The consequences of COVID (non-)credibility

The Washington Post’s Marc A. Thiessen (who will probably be fired for writing something critical about the Biden administration):

The Biden administration’s covid-19 vaccination effort is faltering. Just 37.8 percent of Americans have received both doses — well short of Biden’s 70 percent goal — and the vaccination rate in the United States has slowed from its April peak. We’ve now reached the point where everyone eager to get their shot has gotten it. The challenge has shifted from ensuring supply meets demand to creating demand by convincing vaccine-hesitant Americans to get their shots.

The good news is that, according to Gallup, only about 16 percent of the unvaccinated don’t trust vaccines in general. The rest are persuadable. So why are they hesitating? Gallup found that 24 percent are waiting to confirm the vaccines are safe, 21 percent are in no rush because they are not afraid of getting seriously ill from covid, and 17 percent are concerned about the speed with which the vaccine was developed. It’s the job of our elected leaders to address these concerns — and they are failing miserably in doing so.

The first step is for our fully vaccinated leaders to start acting like it. President Biden continues to undermine public confidence in vaccines by wearing his mask outside when the Centers for Disease Control and Prevention says he does not even have to wear it inside. Vice President Harris was recently pictured kissing her husband through a mask, even though both are fully vaccinated. House Speaker Nancy Pelosi (D-Calif.) continues to impose a mask mandate on the House floor and is issuing $500 fines to members for refusing to wear them — even though the CDC says fully vaccinated Americans can be indoors without masks, even around unvaccinated people.

All of this signals a lack of trust in the effectiveness of the vaccines. If you thought it was irresponsible of President Donald Trump to refuse to wear a mask, it is equally irresponsible for Biden to wear one now that he has been vaccinated. If he wants hesitant Americans to get their shots, Biden needs to make clear that when they do, they can ditch their masks, stop social distancing and live their lives again.

Second, we need to change the way we talk about the vaccines. Politicians know that in any campaign, words matter. Republicans failed for years to get rid of the “estate tax” but found more success as soon as they rebranded it the “death tax.” The Biden administration recently ordered U.S. immigration enforcement agencies to stop referring to “illegal aliens” and call those who enter the country illegally “undocumented immigrants” instead. The words we choose can change public perceptions — sometimes dramatically.

The same is true when it comes to vaccines. People who are vaccine-hesitant are not going to be convinced by appeals to get “vaccinated.” Why not urge them to get “immunized” against covid-19 instead? The terms are interchangeable and familiar to most Americans. Every parent has had to fill out their children’s “immunization record” for school. But unlike vaccination, immunization focuses on the result of getting your shot — immunity. And who doesn’t want to be immune to covid-19? It won’t convince die-hard anti-vaxxers, but it certainly could make a difference with the hesitant but persuadable majority.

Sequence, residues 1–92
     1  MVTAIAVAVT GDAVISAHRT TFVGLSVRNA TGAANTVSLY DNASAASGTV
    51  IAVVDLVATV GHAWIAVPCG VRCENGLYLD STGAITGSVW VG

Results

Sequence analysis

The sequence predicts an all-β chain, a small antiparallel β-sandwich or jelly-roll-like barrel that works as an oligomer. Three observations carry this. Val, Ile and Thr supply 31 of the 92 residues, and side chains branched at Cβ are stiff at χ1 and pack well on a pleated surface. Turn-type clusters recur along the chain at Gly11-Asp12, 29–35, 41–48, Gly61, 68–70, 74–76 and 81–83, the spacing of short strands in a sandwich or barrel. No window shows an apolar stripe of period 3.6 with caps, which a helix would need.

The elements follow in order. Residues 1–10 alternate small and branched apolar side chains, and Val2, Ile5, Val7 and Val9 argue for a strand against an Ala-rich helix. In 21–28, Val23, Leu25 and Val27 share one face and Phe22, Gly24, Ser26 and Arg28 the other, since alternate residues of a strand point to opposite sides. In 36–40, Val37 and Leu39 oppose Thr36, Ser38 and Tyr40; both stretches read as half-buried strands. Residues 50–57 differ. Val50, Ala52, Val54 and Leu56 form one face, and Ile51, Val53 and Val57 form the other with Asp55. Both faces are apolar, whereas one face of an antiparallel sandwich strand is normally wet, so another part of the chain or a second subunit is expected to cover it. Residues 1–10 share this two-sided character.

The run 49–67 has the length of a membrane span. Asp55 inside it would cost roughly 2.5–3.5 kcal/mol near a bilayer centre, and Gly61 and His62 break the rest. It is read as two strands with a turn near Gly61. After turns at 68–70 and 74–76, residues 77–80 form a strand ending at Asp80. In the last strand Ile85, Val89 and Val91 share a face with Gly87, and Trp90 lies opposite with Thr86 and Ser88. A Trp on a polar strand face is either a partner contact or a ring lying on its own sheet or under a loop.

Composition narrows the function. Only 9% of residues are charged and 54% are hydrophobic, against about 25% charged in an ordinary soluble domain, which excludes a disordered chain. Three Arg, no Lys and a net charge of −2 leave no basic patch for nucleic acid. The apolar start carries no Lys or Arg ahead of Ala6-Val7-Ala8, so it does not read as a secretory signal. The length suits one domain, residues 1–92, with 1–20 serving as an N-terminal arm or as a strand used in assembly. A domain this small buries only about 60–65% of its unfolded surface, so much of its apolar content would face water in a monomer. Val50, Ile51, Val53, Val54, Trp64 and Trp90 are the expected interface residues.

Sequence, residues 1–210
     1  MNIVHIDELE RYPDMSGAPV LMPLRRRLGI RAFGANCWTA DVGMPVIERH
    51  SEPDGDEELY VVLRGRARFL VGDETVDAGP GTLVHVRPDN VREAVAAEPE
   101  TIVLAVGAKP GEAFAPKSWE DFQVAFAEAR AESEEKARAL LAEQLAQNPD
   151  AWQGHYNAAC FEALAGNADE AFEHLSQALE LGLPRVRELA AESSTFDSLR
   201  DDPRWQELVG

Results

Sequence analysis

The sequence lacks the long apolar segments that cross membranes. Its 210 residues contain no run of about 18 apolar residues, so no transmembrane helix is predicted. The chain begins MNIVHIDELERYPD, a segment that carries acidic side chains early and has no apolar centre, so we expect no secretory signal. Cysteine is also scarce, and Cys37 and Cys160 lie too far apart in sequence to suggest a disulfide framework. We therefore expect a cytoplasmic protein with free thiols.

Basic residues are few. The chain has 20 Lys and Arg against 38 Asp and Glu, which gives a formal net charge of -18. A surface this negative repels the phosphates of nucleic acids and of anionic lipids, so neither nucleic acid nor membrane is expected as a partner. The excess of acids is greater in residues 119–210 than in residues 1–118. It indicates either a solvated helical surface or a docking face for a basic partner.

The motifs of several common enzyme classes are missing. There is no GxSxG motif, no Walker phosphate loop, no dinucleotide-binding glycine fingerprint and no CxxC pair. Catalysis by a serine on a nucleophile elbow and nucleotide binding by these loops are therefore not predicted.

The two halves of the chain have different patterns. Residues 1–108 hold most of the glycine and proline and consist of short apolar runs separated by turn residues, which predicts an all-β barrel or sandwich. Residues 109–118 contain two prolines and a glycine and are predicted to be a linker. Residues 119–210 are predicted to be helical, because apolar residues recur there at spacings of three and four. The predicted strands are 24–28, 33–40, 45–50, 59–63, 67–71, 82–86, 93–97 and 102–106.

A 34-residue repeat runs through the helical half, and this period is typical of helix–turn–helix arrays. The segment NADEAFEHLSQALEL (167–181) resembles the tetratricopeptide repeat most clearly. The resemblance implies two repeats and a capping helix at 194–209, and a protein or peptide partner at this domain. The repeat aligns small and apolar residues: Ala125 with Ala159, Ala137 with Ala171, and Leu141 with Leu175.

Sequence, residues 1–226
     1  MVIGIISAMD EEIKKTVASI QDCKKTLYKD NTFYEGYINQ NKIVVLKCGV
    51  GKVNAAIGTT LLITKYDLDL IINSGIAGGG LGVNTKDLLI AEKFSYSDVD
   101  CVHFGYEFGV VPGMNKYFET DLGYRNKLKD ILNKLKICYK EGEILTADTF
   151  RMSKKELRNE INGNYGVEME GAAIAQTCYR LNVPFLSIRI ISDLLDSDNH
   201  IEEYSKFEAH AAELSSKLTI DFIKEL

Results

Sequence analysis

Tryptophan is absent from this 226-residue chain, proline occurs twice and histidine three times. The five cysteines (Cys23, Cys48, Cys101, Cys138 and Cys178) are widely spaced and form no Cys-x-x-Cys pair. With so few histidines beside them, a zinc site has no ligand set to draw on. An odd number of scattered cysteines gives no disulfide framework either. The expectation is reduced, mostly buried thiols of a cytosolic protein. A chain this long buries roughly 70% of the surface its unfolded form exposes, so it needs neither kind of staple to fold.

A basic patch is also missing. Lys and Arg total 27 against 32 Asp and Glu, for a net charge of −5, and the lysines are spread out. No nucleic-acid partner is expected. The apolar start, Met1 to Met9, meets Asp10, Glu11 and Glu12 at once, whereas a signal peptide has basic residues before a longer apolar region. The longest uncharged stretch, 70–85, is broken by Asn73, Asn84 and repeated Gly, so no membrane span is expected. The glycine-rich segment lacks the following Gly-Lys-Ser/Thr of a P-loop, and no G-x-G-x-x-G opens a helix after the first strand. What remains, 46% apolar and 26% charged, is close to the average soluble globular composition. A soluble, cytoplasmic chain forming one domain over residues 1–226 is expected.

Third, where are the ads for the vaccines? We’re inundated with TV commercials from pharmaceutical companies. We’ve all seen the ads for Ozempic (Oh, oh, oh, Ozempic!) and Rybelsus (You are my sunshine!) to treat Type 2 diabetes and ads for Skyrizi and Cosentyx(featuring Cyndi Lauper) showing how they cleared up plaque psoriasis and gave people their lives back.

So why are Pfizer, Moderna and Johnson & Johnson not flooding the airwaves with similar ads touting the life-changing impact of their covid-19 inoculations? Answer: The government won’t let them. The FDA bars companies from marketing drugs approved under an emergency use authorization without commissioner approval. They’ve been allowed to do some limited, generic ads touting the value of getting vaccinated and the power of science, but they can’t mention their products by name or create anything resembling the slick, multimillion-dollar campaigns for other drugs.

This is insane. Barring marketing of emergency use drugs may make sense when they are approved for limited distribution to a discrete population. But the federal government has set a goal of inoculating every eligible American against covid-19. It’s in the national interest to allow pharmaceutical companies and their well-paid ad agencies to inundate the airwaves with creative campaigns selling their life-altering effect of the vaccines.

If anything, the Biden administration should be spending some of the $1.9 trillion it recently secured from Congress to support those efforts, instead of restricting them.

The Biden administration did a good job of accelerating delivery of the vaccines, but it is doing an awful job selling them. Through bad example, poor language and needless regulation, it is hindering the vaccination effort — and with it the end of the pandemic.

Complicit in this failure are all the Democratic governors who didn’t end their own lockdowns or mask mandates, including Wisconsin Gov. Tony Evers, who should have told his buddies running Milwaukee and Dane county communities to end their mandates immediately.


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